The Mississippi Delta is one of the poorest areas not only of the state, but the nation. Raising per capita income is a daunting challenge, but two communities are turning to technology for answers. Earlier this month, the Cleveland and Greenville were honored at a ceremony held at the Delta Council Office in Stoneville. The two cities are the first not only in the Delta, but the entire state, to be named certified innovation communities (CICs).
The CIC pilot program is for communities committed to building and implementing a strategy for continuous improvement by focusing on innovation-led and technology-based economic development. The goal is to increase per capita income and, thus, quality of life of the citizens.
Embracing technology, boosting business
The purpose of the CIC program is to identify and celebrate a community’s level of technology readiness. The program identifies a community’s strengths and weaknesses and provides the framework by which a community can equip itself to embrace technology-dependent applications for residents, small business, large business, city and county government and medical and educational institutions.
The Mississippi Delta Technology Council (MDTC), in partnership with Delta State University and the Mississippi Technology Alliance, worked closely with Cleveland and Greenville residents to research six cornerstones of their local economic development. They are: technology infusion and access to research; entrepreneurship; capital; human resources; business assistance; and, social networks and quality of life.
The community teams helped assess the resources needs of innovative enterprises and high-technology or high-growth companies. The teams also provided input into future planning for communities.
The work done by the MDTC on the CIC project fits neatly into its mission and purpose.
‘Champion for technology’
“The Mississippi Delta Technology Council is a champion for technology in the Delta,” says Dr. Myrtis Tabb, executive director of the MDTC, which partnered with MTA and AT&T on the project. “The purpose of the MDTC is to enhance the strengths of the Delta by promoting, celebrating and leveraging successful applications of technology. Through the CIC pilot program. Cleveland and Greenville have worked very hard, and we are pleased to recognize them as the first certified innovation communities in the State of Mississippi.”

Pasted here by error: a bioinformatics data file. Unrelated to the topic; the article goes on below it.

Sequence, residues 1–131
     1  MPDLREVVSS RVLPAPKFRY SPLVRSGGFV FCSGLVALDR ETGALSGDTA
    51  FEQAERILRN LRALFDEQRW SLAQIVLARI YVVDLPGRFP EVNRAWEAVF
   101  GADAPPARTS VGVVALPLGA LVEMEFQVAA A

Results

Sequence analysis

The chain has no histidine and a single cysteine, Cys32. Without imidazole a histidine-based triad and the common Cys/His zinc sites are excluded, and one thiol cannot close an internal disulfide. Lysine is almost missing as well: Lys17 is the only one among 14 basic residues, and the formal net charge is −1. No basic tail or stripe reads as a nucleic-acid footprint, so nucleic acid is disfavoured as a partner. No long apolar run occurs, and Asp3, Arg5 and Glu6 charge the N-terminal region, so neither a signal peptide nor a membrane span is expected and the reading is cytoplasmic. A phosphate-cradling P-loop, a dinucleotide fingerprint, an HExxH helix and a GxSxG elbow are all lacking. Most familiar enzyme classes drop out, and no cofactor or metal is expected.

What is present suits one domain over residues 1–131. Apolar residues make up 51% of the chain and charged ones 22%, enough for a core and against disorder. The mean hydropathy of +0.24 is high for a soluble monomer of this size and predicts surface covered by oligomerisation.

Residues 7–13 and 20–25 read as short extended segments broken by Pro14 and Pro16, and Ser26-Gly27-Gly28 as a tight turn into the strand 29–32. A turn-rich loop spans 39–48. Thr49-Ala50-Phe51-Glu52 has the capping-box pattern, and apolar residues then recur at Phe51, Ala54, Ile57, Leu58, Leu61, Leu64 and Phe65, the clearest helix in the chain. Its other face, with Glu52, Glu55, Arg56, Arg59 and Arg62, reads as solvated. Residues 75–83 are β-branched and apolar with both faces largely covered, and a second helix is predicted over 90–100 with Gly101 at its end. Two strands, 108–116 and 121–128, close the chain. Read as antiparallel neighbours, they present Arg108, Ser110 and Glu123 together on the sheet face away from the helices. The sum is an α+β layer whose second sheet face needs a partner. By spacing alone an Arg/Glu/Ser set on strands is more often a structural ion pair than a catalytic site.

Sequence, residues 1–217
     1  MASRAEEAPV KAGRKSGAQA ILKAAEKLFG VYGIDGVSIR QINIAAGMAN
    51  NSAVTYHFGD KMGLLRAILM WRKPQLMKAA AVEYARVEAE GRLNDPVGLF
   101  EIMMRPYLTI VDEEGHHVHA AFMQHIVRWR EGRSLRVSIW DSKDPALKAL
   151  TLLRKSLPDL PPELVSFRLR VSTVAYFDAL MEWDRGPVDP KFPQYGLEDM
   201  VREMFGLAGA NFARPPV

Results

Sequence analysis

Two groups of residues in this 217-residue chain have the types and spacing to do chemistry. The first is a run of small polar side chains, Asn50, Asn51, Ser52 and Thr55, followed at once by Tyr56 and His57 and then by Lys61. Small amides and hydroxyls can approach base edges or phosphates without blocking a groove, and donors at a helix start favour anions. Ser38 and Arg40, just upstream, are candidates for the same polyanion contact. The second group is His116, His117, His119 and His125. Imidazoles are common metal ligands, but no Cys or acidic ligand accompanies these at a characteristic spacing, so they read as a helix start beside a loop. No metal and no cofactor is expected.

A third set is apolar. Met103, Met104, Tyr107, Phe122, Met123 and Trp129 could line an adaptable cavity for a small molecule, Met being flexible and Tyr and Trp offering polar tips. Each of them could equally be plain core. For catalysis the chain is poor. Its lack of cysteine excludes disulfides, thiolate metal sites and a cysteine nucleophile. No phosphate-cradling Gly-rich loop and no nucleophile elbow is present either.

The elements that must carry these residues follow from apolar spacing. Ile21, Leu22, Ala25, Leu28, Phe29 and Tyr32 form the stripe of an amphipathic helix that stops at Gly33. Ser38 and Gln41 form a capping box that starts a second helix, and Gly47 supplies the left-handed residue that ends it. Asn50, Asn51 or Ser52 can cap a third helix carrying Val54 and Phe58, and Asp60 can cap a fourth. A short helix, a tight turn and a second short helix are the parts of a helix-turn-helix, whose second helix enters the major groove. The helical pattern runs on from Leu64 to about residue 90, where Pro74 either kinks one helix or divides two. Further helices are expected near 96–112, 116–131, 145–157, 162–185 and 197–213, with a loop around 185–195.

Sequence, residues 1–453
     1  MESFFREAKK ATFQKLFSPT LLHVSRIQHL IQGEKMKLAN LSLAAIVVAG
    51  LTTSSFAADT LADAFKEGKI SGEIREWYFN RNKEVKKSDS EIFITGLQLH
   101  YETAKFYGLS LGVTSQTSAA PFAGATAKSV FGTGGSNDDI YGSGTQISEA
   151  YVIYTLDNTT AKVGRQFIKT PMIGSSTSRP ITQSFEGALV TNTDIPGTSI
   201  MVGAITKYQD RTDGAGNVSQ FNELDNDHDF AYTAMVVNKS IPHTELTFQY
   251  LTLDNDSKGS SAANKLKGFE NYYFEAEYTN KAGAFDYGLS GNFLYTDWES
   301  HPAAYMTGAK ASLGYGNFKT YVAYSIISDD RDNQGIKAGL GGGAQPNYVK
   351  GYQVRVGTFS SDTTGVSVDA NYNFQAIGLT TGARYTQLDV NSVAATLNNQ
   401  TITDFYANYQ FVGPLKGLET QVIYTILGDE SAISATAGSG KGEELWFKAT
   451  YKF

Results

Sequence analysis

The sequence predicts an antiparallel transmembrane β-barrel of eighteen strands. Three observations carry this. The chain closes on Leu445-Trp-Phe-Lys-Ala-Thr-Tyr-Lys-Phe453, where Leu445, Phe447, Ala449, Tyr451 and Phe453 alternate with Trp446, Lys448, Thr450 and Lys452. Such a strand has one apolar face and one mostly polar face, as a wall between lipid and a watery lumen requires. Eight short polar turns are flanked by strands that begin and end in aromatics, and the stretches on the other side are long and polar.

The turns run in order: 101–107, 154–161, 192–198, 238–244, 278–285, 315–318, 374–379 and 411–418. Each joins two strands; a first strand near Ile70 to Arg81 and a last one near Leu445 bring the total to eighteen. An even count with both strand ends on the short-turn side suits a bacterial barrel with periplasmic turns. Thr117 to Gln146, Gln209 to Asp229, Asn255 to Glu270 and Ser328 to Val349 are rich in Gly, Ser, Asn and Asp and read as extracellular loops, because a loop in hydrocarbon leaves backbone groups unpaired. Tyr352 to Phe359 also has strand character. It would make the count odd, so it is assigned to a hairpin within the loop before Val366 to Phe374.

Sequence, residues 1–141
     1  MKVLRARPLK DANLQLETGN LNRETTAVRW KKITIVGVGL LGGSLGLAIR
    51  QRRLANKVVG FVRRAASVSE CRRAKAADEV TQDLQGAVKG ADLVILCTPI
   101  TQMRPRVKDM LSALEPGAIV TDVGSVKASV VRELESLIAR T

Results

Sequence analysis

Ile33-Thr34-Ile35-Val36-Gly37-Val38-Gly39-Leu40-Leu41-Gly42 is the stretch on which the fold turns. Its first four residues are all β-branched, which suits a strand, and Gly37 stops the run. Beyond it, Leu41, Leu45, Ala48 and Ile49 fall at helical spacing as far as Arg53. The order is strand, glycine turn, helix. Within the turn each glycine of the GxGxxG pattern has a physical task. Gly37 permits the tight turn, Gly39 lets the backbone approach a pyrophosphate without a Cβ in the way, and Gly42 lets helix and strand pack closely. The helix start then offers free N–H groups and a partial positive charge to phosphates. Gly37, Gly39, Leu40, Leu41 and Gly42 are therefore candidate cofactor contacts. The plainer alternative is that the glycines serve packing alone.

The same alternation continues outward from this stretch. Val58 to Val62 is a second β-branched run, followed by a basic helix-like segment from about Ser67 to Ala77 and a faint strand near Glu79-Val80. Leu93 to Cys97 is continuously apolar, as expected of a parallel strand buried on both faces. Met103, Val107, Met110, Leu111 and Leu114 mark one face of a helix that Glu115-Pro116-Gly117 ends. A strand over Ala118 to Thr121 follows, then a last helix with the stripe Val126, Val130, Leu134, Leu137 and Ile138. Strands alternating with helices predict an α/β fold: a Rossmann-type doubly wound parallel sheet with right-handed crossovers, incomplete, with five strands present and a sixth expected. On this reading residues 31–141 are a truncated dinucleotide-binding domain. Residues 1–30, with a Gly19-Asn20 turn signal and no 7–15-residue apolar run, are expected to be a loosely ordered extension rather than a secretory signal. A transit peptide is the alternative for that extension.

Bubba Weir, vice president for community services at MTA, says, “It has been wonderful to work with MDTC, professional economic developers, community champions and team members that have been committed to participate in this process, to learn about innovation-led economic development, assess their community and regional assets and develop an implementation plan.”
The two cities are equally pleased to receive the CIC designation.
Tommy Hart, the Greenville team leader, says, “The most prosperous communities are those with technology-based businesses. Technology fuels sustainable economic expansion, creating high-wage jobs, world-class exports and productivity.”
Judson Thigpen, Cleveland team leader, says, “It gives us an excellent opportunity to assess our current status in respect to technology/innovation and to determine what our needs will be for the future. From this process, we will be able to devise strategies to develop and improve our economic development programs.”
Innovation-led economic development
For those who may find technology and the Delta incongruous, Dr. Randy Goldsmith, president and CEO of MTA says look again.
“There are strong technology and research assets at Stoneville that can be promoted and mined for innovation-led economic development,” he says. “Delta State University and other business assistance organizations have the capacity to be great facilitators of entrepreneurship. There is regional network of capital providers that can fund technology enterprises.”
Future Point Consulting provided guidance throughout the pilot process, and funding was provided by grants from the U. S. Small Business Administration and AT&T.
The cities of Greenville and Cleveland were the first CICs, but they will not be the last. On August 13, Goldsmith announced that MTA had agreed to partner with the Economic Development Authority of Jones County as a CIC.
Contact MBJ staff writer Wally Northway at firstname.lastname@example.org.
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